Transcriptome analysis of gene expression levels using RNA-seq. a Venn diagrams of differentially expressed genes (DEGs) as detected by comparisons of transcriptomes between resistant (NR-3647) and susceptible (UT-3359A and MRO-3501) seedling families. Numbers of transcripts expressed from DEGs are shown in the parentheses. b Expression values (FPKM) of the genes with SNPs selected for design of genotyping arrays. FPKM values were mapped to the genes in order from the largest to the smallest values, using the transcriptome of the resistant seedling family NR-3647 as a reference

In silico SNP calling

Using our de novo assembled transcriptome as a reference, a total of 110,573 SNPs and 2,870 indels were called in the three seedling families, and these polymorphisms were distributed among 21,561 transcripts expressed from 17,041 unique genes. On average, we detected 6.5 SNPs per unigene and 3.7 SNPs per Kb. Of 10,886 P. flexilis unigene sequences highly conserved between P. flexilis and P. taeda (BLASTx E value ≤ 10e-100), 6,584 (~60 % of total) were polymorphic with SNP distribution. A BLASTn search against P. taeda mapped gene sequences [30], yielded 2,165 P. flexilis polymorphic genes with identical hits (E values < e-100), providing anchored conserved genes for comparative mapping between P. taeda and P. flexilis.

Nucleotide variation counts detected 31,740, 34,622, 37,959 SNPs; as well as 234, 273, and 515 indels in the seedling families MRO-3501, UT-3359A, NR-3647, respectively. The majority of nucleotide variations (63.9 % to 67.2 % of total SNPs and 76.9 % to 85.0 % of total indels) were seed family-specific. Nucleotide variations shared among seed families were limited. Pair-wise comparison among the three seedling families revealed that only about 20 % of total SNPs from one seedling family were shared with another family (Fig. 3); i.e. most nucleotide variations were localized within individual seedling families. Those MGR seedling family-specific SNPs were potential sites for searching for Cr4-linked DNA markers at a next step.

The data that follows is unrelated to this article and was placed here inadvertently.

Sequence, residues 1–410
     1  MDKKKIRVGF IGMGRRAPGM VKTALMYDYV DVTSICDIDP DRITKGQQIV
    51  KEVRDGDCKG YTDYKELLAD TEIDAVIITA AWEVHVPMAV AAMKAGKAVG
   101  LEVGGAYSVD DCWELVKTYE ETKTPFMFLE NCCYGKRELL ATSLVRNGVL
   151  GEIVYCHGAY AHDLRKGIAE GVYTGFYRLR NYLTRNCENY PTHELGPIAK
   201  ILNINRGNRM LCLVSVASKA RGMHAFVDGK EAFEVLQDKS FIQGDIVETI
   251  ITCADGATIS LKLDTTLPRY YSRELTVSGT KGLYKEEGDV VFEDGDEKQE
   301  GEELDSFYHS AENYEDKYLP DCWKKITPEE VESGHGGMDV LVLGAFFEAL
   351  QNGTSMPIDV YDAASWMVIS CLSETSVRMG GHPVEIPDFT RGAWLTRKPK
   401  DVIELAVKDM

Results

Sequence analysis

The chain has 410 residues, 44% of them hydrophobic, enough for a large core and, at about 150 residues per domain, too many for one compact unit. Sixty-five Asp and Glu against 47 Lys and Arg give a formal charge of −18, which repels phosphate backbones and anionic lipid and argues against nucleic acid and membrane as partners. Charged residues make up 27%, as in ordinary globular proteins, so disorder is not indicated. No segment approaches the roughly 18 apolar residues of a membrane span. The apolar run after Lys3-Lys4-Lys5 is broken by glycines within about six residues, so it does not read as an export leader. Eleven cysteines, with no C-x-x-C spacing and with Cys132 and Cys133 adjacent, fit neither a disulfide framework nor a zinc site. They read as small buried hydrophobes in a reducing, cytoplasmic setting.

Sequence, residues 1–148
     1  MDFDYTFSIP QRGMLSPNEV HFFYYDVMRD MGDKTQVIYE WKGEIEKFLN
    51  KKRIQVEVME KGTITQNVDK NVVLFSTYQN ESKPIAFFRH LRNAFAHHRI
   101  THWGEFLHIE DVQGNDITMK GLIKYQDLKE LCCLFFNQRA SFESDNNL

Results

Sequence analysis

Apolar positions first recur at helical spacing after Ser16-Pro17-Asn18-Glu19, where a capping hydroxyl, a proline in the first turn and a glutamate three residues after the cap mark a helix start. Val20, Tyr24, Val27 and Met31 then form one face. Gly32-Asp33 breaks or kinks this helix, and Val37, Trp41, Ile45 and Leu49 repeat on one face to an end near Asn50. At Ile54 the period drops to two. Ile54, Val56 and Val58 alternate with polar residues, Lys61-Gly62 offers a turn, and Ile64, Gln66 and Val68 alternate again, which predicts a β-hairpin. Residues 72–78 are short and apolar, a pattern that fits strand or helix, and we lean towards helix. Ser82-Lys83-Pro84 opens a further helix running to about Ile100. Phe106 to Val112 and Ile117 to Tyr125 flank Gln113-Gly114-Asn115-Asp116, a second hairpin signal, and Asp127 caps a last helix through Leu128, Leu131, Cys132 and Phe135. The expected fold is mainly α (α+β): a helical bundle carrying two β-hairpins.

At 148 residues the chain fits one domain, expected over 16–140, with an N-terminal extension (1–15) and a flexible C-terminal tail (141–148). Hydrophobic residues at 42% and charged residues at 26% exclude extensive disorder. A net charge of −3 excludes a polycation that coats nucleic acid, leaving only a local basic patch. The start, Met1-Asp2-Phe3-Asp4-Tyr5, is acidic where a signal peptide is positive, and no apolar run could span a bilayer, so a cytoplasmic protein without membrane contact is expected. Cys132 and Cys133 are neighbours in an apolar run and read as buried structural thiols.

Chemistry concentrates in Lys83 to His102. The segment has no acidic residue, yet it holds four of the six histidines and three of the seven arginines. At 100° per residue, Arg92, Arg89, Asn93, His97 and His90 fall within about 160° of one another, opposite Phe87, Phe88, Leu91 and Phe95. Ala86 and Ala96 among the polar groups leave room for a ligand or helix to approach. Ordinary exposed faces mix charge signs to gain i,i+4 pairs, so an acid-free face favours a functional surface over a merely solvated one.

Fig. 3

Number of single nucleotide polymorphisms detected in three seedling families of Pinus flexilis. The intersecting portions of the Venn diagram illustrate the number of shared loci in pair-wise comparison of seedling families

Cr4 genetic mapping by high-throughput SNP genotyping

A total of 324 in silico SNPs were selected in candidate gene groups (NBS-LRR or RLK gene families and putative WPBR-responsive genes) with high conservation among Pinus, and used to design Sequenom genotyping arrays. In addition to SNP coverages, gene expression was also considered in SNP selection. As shown in Fig. 2b, a majority of genes with selected SNPs (>83 %) shows good transcript expression (FPKM >1 at least in one seedling family), 21 genes were expressed differentially between resistant and susceptible seed families (p < 0.05 with FDR correction). Others were included due to their high homologies with candidate groups. These SNP markers were screened in the seedlings with identified phenotypes following C. ribicola infection. Seventy-two SNPs were selected to genotype all megagametophyte samples from four maternal trees. After manually checking SNPs, we constructed individual linkage maps for each maternal tree separately (Fig. 4). Linkage of SNP markers to Cr4-mediated phenotypes was significant in all four maternal trees (logarithm of odds-LOD ≤ 6 for GE-213, LOD ≤ 9 for GE-214, and LOD ≤ 10 for LJ-112 and PHA-106). The SNP markers shared among the four maternal trees were aligned manually and a total of 32 SNP markers were found to reside in 25 unique genes (Additional file 1: Table S3).
Fig. 4

Genetic linkage map of SNP markers in seedling families GE-213, GE-214, LJ-112, and PHA-106. Three SNP markers that segregated in all four genotyped seedling families are shown by red lines

Among the 32 Cr4-linked SNP markers, only three (snp296815Y, snp204077R1, and snp438219K) were shared across all four maternal trees. The same allele at each of these three shared SNP loci was linked in coupling to the resistant allele at the Cr4 locus in all four families used in the mapping experiments described here. Nine SNP loci (snp160798Y1, anp160798Y2, snp297341Y, snp355530R, snp382214M, snp416463K, snp444092M, snp463406Y, and snp86819R) were mapped in repulsion on the Cr4-LGs in different maternal trees. These results indicated high genetic divergence among the maternal trees from different geographical regions.